ELF was an extremely complex system built on assumptions, responded Alper. When assumptions underperform, a tax system should be revisited.

“My big takeaway from this message is that we should really beware of complexity,” said Rep. Justin Parish (D-Juneau). “We should recognize that our industry partners are sophisticated actors — often more sophisticated than we ourselves — and will do what’s best for their shareholders, even when that looks like gaming the system to someone who set up the system.”

“There is another byproduct out there that is happening when [oil companies] invest in the state of Alaska. Not only are they creating jobs, but there are sales that are going on internally that we reap benefits from in the economy, not just the profits or the losses or the NOL or all that other stuff,” countered Rep. George Rauscher (R-Sutton).

“They are a very large part of the economy,” agreed Alper.

In a press conference Thursday, Rauscher and other House minority members expressed concern about the impact an oil tax change could have on the economy. But they were more opposed to the House majority’s income tax plan.

“I’m really not that hot on an income tax. I don’t think that’s going to be the answer,” said Rauscher. “I think before we start to get Alaskans to pitch in through an income tax, we have to make sure to provide the right-sized government for them.”

“If nobody’s working, there’s nothing to tax,” Rep. Gary Knopp (R-Soldotna) said simply.

Rep. Chuck Kopp (R-Anchorage) commended House Finance Chair Paul Seaton (R-Homer) for introducing a fiscal plan.

“Do we all agree on every point of that plan? No,” said Kopp. “Do we all know that there’s going to have to be some compromise to get to a balanced approach? Yes.”

But, Kopp added, “An income tax injects a permanent revenue stream into our source of income that will not go away, even when, financially, things change. One of the things that my colleagues and I are always concerned about is government grows to spend the amount of money that comes to it. We just want to be very careful that the income tax is Alaska’s last tax, the very last thing we should be asking people to do if all else fails.”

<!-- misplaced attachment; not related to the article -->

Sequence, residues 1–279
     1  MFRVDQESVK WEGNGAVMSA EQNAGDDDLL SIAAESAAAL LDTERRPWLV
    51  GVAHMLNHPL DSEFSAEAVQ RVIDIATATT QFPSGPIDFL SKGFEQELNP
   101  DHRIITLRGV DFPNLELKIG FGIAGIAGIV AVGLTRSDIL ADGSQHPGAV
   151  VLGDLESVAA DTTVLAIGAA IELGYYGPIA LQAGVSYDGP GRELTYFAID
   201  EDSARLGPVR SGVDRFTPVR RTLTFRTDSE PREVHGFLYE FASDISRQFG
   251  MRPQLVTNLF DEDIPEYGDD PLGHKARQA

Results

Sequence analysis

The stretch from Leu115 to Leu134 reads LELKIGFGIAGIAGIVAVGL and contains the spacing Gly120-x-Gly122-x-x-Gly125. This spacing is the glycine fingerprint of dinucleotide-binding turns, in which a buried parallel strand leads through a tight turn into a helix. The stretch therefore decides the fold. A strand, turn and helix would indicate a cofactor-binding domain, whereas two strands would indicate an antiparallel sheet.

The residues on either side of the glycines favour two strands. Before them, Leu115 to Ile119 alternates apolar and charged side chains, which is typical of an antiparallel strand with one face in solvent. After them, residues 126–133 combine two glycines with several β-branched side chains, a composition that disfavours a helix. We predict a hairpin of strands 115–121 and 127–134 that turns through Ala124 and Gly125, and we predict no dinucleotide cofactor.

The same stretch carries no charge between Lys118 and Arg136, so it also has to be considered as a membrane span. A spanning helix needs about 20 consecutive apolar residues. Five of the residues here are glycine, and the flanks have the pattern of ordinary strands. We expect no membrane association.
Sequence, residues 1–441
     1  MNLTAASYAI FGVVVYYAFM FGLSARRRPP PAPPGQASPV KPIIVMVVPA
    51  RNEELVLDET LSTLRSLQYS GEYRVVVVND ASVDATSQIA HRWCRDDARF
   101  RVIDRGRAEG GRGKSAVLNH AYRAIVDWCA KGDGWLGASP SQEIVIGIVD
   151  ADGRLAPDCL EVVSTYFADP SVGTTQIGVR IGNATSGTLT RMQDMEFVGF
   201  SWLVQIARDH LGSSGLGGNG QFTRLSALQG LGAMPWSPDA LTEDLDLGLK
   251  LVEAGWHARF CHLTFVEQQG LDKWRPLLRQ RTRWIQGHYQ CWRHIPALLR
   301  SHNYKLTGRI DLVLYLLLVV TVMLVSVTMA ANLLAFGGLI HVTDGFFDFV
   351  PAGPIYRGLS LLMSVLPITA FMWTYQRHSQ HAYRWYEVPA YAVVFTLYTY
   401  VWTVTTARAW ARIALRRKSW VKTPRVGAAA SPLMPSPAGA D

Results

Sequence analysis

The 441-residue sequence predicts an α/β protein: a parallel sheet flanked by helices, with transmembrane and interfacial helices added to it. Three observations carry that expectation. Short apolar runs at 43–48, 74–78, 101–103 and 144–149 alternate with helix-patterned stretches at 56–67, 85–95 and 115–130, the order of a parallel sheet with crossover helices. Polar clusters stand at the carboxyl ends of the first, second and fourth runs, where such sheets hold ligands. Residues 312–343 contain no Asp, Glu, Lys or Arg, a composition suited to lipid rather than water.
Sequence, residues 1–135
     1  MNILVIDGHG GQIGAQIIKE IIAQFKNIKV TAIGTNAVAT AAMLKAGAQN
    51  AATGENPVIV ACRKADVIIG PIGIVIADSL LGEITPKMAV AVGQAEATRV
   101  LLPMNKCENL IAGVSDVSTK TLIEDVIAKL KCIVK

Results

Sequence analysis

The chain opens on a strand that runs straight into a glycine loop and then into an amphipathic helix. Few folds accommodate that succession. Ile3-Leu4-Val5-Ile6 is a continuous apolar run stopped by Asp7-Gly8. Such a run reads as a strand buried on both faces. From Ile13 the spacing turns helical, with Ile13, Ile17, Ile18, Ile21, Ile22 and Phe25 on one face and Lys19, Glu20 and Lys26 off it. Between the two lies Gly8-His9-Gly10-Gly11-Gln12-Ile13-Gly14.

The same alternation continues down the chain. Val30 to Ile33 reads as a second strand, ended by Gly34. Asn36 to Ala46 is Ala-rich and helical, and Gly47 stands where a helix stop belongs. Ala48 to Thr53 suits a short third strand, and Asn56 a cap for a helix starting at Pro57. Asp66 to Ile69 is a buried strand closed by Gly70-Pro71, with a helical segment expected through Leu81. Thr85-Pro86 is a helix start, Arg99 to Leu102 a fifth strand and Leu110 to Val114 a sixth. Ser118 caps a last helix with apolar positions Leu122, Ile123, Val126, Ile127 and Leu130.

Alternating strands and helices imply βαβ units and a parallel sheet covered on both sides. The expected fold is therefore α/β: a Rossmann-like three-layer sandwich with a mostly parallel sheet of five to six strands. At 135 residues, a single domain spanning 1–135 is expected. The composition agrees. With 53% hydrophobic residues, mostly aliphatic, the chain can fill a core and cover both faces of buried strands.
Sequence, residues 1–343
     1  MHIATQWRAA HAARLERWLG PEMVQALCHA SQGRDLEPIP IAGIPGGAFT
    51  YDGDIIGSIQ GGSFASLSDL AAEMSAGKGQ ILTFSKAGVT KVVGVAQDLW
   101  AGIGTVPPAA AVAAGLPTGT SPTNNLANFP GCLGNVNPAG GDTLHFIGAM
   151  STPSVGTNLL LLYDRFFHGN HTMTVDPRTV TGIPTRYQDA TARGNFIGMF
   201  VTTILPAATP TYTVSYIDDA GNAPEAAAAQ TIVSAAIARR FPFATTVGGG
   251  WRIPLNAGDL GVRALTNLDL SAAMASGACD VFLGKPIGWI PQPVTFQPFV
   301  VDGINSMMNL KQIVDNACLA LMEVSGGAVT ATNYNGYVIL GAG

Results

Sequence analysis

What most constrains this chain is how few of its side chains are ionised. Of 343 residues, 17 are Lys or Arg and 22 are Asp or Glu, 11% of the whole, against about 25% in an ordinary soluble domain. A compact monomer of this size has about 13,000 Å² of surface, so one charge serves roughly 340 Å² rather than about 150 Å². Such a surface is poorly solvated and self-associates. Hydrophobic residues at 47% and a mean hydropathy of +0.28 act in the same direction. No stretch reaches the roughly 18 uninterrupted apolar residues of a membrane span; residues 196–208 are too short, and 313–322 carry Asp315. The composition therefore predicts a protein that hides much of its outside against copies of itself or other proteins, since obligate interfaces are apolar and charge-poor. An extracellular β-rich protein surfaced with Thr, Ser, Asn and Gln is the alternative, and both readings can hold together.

In Tough Fiscal Times, Cash Credits Eliminated

The Walker Administration and the House majority argue that changing the tax credit system will actually stabilize the economy by providing certainty to the industry.

Under the current tax regime, the State’s share of GVPP has averaged 30 percent since 2014.

However, tax credits have effectively reduced that share to 27 percent.

“The credits have a larger impact at lower prices,” Alper explained Friday. “The credits themselves, even when they are stable over time, are a larger portion of the underlying revenue and therefore have a larger impact or change to the State’s effective revenue.”

The State’s cash credit liability in FY 2018 is $900 million. Last year, Walker vetoed $430 million of the credits down to the statutory formula of $30 million, building up the liability.

That was the second time Walker vetoed the credits, which the legislature has historically appropriated without any limit.

In FY 2016, Walker vetoed an appropriation estimated at $700 million to a maximum $500 million. $498 million in credits were eventually paid, just below the cap.

“Everyone that needed to get paid or needed to earn their certificate received it and was paid within that fiscal year,” said Alper.

“The coverage, I think, in the media and scuttlebutt… in the legislature generally was that in FY ’16 there was great turmoil both on Wall Street [and] to purchasers of the certificates,” Josephson said. “I mean, I remember that profoundly, that there was this belief that everything had sort of been upended and there was chaos.”

“With the governor’s veto, what he vetoed more than the dollars was the concept of open-ended repurchase of credits,” Alper responded. “I think that change was dramatic, considering it had been open-ended for about eight years before that, and there was some reaction in the financial sector. Knowing that a new paradigm had been set — those who were then borrowing money and then doing work knew that it could be the same or worse in years to come.”

“Industry was probably correct in recognizing that this was a sea change, but not necessarily correct that it was an immediate change in the availability of cash,” Alper concluded.

HB 111 eliminates cash credits for companies on the North Slope, and along with them, the expectation that they can receive unlimited amounts of money from the State every year.